Together we make an impact

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As we are nearing the end of the challenging year of 2020, we are taking a look back at the positive ways the Faculty of Business and Law have made an impact on society. Below is a round-up of some of the top stories, successes and impactful research that has been achieved by the faculty.

Inside the black box: the public finances after coronavirus

Bristol Business School economist and Associate Professor Dr Jo Michell, alongside a colleague from the University of Greenwich, conducted a study acknowledging that the UK can afford to keep fighting Covid-19 crisis and have created an interactive tool to model the likely economic scenarios from COVID-19.

Business Schools for Good

The Chartered Association for Business Schools have launched a series entitled ‘Business Schools for Good’. It features Bristol Business School’s collaboration with Bristol City Robins Foundation. Students on the programme, Sports Business and Entrepreneurship, talk about the course and the sense of community they gain from undertaking IT. It is a great example of the work we do with a key faculty partner.

Business successes

A group of 40 entrepreneurs that we trained through our partnership with ChangeSchool and Mowgli Mentoring in February 2020, have gone on to secure £2.4m in sales and funding and are now seeing their businesses go from strength to strength.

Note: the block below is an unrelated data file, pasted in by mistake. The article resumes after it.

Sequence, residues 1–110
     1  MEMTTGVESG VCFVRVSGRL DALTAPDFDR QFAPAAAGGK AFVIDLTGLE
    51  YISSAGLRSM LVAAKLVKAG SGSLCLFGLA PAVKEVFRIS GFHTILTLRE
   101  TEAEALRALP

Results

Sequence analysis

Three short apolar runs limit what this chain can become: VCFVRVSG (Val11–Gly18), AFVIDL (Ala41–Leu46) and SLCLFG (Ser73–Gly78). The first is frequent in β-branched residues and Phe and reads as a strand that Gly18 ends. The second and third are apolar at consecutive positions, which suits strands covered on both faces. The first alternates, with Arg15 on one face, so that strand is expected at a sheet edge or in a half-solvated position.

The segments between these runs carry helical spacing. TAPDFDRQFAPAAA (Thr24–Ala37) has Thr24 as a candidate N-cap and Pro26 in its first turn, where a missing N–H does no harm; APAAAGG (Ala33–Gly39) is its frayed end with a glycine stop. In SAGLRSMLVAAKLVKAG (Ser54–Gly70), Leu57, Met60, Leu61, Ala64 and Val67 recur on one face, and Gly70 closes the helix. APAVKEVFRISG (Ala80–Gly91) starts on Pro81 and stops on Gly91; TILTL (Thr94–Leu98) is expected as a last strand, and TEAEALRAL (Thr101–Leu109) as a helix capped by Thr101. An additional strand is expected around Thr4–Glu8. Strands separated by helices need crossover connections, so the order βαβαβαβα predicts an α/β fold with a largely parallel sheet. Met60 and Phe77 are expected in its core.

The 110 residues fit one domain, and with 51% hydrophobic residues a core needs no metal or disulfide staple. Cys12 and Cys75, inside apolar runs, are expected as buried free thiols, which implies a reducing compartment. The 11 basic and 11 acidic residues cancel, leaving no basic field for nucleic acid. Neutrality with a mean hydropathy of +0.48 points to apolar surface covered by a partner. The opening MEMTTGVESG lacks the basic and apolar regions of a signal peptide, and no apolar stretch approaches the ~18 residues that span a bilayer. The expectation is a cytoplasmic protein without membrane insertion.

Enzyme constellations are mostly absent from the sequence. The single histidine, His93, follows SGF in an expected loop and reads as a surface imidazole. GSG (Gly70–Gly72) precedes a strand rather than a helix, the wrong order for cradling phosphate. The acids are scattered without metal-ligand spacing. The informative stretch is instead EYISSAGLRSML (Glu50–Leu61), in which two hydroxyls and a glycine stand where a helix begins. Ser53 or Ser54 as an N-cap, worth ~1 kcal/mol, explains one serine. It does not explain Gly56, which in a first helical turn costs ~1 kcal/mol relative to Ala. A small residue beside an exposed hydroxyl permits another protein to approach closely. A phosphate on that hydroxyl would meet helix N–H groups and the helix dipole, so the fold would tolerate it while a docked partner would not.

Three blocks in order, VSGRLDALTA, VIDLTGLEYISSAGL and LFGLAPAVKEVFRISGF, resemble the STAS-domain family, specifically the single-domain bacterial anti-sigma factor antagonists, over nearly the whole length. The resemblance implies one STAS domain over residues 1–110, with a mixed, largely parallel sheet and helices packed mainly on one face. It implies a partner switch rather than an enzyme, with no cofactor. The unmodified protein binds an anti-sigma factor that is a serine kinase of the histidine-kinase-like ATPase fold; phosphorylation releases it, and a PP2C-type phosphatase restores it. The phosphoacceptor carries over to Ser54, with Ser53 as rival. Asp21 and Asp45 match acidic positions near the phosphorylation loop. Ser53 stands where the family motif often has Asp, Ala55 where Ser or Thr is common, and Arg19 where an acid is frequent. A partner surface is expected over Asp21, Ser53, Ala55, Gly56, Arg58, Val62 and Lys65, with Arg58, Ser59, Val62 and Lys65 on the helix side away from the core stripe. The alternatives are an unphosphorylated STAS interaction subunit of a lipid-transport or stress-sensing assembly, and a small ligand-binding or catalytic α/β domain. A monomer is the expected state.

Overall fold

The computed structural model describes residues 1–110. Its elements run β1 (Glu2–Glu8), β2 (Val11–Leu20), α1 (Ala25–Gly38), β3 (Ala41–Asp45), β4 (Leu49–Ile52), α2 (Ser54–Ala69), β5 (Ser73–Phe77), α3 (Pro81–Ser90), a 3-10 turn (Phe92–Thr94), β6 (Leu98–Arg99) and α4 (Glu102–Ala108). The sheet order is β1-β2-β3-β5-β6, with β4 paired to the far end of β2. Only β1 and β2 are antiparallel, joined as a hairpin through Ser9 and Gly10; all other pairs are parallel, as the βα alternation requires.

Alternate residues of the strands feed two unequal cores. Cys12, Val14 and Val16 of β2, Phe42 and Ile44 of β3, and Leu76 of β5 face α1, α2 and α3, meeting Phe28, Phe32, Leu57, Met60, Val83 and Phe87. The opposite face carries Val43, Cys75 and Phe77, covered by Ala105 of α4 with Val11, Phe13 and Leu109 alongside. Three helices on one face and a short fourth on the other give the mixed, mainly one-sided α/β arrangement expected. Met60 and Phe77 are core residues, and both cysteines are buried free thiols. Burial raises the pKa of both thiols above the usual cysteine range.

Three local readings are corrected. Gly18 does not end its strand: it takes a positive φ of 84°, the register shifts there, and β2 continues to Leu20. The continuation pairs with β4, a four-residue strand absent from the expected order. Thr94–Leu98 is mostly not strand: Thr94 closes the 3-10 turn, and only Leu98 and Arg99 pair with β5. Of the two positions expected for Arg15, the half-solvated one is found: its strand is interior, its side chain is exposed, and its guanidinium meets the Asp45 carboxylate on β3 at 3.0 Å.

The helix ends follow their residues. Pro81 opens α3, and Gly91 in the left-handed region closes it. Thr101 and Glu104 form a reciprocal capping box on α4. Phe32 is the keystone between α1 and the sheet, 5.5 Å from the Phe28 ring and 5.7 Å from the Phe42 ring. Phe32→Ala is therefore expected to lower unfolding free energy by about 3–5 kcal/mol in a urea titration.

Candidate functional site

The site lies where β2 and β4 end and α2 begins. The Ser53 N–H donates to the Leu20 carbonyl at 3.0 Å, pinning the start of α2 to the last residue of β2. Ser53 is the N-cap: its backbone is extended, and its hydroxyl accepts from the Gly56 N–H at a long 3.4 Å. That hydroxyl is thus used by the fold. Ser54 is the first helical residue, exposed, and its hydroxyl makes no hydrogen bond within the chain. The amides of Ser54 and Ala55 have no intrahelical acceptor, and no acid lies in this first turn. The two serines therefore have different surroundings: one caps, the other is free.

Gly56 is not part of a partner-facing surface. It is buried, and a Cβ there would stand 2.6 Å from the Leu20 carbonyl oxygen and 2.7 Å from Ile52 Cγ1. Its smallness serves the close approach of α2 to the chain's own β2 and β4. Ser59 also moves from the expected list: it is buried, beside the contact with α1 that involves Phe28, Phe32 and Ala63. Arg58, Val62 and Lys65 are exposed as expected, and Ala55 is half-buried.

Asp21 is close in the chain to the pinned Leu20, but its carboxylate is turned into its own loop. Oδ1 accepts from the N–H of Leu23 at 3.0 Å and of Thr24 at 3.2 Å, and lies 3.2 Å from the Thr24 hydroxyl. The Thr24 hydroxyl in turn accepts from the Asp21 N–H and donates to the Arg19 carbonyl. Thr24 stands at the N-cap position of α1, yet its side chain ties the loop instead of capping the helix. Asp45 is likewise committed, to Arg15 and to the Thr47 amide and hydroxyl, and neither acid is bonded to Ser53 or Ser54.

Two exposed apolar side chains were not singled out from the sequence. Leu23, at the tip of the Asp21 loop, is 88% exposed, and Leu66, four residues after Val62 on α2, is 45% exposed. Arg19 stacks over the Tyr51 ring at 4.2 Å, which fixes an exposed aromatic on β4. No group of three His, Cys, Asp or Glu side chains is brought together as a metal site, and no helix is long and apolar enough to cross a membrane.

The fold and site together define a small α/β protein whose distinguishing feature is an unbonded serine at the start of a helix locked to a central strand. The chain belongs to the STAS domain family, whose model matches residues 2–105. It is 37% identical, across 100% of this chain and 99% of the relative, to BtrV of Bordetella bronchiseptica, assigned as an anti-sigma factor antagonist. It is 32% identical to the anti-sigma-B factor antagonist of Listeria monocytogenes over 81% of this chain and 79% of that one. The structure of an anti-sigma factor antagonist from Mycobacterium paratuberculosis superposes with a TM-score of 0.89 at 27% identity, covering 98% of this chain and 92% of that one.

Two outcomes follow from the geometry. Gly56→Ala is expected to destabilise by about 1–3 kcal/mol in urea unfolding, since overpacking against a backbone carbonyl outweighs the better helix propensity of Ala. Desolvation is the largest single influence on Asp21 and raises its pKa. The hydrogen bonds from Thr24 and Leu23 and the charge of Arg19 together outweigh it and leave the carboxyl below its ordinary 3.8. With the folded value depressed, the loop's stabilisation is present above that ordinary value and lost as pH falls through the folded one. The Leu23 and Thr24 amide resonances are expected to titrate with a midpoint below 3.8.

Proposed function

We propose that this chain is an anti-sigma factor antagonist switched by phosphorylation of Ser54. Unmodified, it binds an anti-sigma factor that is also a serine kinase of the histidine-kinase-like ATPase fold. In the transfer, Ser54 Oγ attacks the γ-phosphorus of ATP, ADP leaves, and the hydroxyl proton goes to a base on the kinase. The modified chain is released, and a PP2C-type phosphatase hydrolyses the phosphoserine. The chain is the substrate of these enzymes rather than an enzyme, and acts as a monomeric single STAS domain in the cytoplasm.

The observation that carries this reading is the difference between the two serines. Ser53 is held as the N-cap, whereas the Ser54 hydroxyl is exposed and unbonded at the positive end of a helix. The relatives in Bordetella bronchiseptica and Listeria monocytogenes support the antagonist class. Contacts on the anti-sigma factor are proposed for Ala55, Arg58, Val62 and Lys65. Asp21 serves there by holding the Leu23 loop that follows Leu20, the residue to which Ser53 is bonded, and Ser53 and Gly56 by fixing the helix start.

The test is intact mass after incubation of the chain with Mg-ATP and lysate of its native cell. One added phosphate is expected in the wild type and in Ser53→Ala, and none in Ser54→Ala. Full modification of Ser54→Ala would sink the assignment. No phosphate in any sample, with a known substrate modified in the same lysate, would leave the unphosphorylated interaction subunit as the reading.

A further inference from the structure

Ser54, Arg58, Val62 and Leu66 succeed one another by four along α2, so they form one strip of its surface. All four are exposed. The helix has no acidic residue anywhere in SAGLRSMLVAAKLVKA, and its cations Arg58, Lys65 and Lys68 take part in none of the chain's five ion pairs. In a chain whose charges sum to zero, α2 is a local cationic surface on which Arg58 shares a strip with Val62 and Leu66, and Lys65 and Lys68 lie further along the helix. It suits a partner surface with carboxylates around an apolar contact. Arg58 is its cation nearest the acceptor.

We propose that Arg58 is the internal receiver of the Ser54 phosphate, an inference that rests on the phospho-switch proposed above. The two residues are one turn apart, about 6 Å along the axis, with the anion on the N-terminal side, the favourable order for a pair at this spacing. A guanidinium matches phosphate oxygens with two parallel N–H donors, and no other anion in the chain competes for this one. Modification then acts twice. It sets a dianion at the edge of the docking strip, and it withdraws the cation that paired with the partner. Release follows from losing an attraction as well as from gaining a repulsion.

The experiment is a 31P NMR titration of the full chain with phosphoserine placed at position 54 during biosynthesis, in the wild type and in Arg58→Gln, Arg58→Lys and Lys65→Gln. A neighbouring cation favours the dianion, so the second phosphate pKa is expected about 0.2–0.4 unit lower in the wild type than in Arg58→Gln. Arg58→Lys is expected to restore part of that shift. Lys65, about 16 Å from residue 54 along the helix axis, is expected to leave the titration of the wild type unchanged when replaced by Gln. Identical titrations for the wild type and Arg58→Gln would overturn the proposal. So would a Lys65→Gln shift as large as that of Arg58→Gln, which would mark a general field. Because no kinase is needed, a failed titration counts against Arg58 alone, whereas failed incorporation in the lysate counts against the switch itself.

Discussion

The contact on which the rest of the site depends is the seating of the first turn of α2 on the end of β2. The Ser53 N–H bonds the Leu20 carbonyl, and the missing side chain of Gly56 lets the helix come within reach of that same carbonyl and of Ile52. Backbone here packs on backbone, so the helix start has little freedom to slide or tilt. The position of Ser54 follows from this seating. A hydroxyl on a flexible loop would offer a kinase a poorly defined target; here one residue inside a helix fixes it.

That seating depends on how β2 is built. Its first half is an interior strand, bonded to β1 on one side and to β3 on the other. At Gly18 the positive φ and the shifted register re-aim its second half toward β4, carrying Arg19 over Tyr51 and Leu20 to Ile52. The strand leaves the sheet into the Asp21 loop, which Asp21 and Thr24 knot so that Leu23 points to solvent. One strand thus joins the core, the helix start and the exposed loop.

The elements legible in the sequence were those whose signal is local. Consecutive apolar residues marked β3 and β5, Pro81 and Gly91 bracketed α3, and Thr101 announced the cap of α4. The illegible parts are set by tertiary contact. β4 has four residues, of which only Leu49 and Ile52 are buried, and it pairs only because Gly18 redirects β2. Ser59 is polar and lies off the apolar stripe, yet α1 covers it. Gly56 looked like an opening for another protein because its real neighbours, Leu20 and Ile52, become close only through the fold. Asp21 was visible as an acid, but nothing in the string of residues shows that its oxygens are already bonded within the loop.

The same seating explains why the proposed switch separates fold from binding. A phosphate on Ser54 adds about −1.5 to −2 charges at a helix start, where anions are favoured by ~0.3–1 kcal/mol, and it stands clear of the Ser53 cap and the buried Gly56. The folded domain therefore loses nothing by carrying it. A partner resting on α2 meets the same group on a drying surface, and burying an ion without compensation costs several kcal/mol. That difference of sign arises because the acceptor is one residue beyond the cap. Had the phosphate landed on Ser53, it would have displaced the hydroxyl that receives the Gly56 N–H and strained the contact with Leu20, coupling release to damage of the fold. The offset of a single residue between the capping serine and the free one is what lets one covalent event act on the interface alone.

AI software could help construction industry achieve net zero target

Bristol Business School’s Big Data Laboratory is leading an £800,00 project to develop software that uses artificial intelligence (AI) and machine learning to help construction companies reduce the amount of embodied carbon in their building and infrastructure projects. It is a two-year project and is in collaboration with Winvic Construction, Castain and start-up company Edgetrix.

CIMA award wins

The department of Accounting, Economics and Finance have won two Charted Institute of Management Accountants (CIMA) Excellence awards; the CIMA Prize-Winner Excellence award and the CIMA Global Excellence award. These awards celebrate university partners with outstanding students, pass rate and excellence in the CIMA exams and the highest number of CIMA students on campus.

Bill and Melinda Gates Foundation

Bristol Leadership and Change Centre’s Professor Peter Case has secured a grant from the Bill & Melinda Gates Foundation to assist the Ministry of Health & Child Care in Zimbabwe to improve HIV prevention. The project is in collaboration with the Malaria Elimination Initiative at the University of California and will run until December 2022. The overall aim is to integrate prevention services and move them forward in a more sustainable way. Further details of the project are available on UWE Bristol Leadership & Change Centre blog.

SAGE Prize for Innovation and Excellence 2020